Well, here we are: the teenage years.
Thirteen years ago this morning M came into the world, full of drama from the start. It’s a cliche to say something like “and that day, my life changed forever.” But, really, what else can you say? Marriage is a big change in your life. But S and I had also been together three years when we got married. There were some adjustments that came with not having our own apartments anymore. Yet life wasn’t really that different and we knew what we were getting into.
Nothing prepares you for kid number one, though. Every single aspect of your life gets turned completely upside-down. That was even more dramatic for me as M’s birth was the moment I took a big left turn with my career as well. When you add that in, you can argue M’s birth was the biggest moment of my adult life.
She would love having that level of importance.
So who is M at 13? We haven’t noticed any major changes in her personality, attitude, or behavior yet. Sure, she’s moody and emotional and will spend entire days in her room if we don’t force her to come out. If frustrating, that’s still all normal and expected. When motivated, she still gets all wound up about the things that have always wound her up. When we went down to pick C up from camp two weeks ago, M spent two-straight hours talking to me about every single detail of the camp that she remembered from last summer. That kid has always loved to talk. Even though she has grumpy stretches of silence these days, she’ll still talk the life out of you if given the right stimulus.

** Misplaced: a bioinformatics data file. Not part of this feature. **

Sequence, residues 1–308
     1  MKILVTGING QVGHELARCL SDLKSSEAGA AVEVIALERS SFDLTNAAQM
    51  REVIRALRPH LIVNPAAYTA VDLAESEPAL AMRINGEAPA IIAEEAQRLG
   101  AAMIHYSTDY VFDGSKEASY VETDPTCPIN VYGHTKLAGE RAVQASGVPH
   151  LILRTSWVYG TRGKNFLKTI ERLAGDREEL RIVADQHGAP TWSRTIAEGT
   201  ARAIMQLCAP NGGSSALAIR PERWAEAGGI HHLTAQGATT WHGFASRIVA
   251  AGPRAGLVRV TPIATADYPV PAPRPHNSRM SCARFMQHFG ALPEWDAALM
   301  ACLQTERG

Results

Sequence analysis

She is smart – really smart when she wants to be – but often lacks motivation to really use her smarts. That drives me crazy, mostly because it reminds me of myself at her age. She is – as I was – capable of getting straight A’s. But neither of us has the full commitment to do it, slacking off in subjects that don’t interest us completely. Like me she has the uncanny ability to call up detailed memories from long ago. If only she/I could have harnessed that skill for academics!
She’s still loud and obnoxious at times. But she’s also full of life when she’s in a good mood. You want her to tone it down about 10%, but you’re also thrilled that she finds so much excitement in things and wants to share that excitement with others.
She doesn’t have a lot of super close friends, which has always concerned us a little. But, also, she seems to be casual friends with all the girls in her class, from the most to least popular. Every few months it’ll seem like she’s gravitated toward a new friend she talks about most. But there’s never the one friend she wants to hang out with every weekend. Which, at this stage in life, could be a blessing.
Speaking of camp, like last year this will be a quiet birthday in the house because she is at camp. She’s looking forward to the traditional CYO camp birthday celebration: getting thrown into the creek. Although she would be quick to say you don’t actually get thrown in the creek. “You just lay down and they splash you.”
So here we go, with the most fun part of parenting a daughter. The fun has already started, of course. It’s not like some fairy appears on their 13th birthday, waves a magic wand and unleashes the hormones and moods and super dramas that are going to dominate her life for the next decade. But the number does feel like a big change to me. She’s not a kid anymore. She’s not a pre-teen anymore. She’s begun the transition into being a young lady.
Which doesn’t seem possible, 13 years under her belt or not.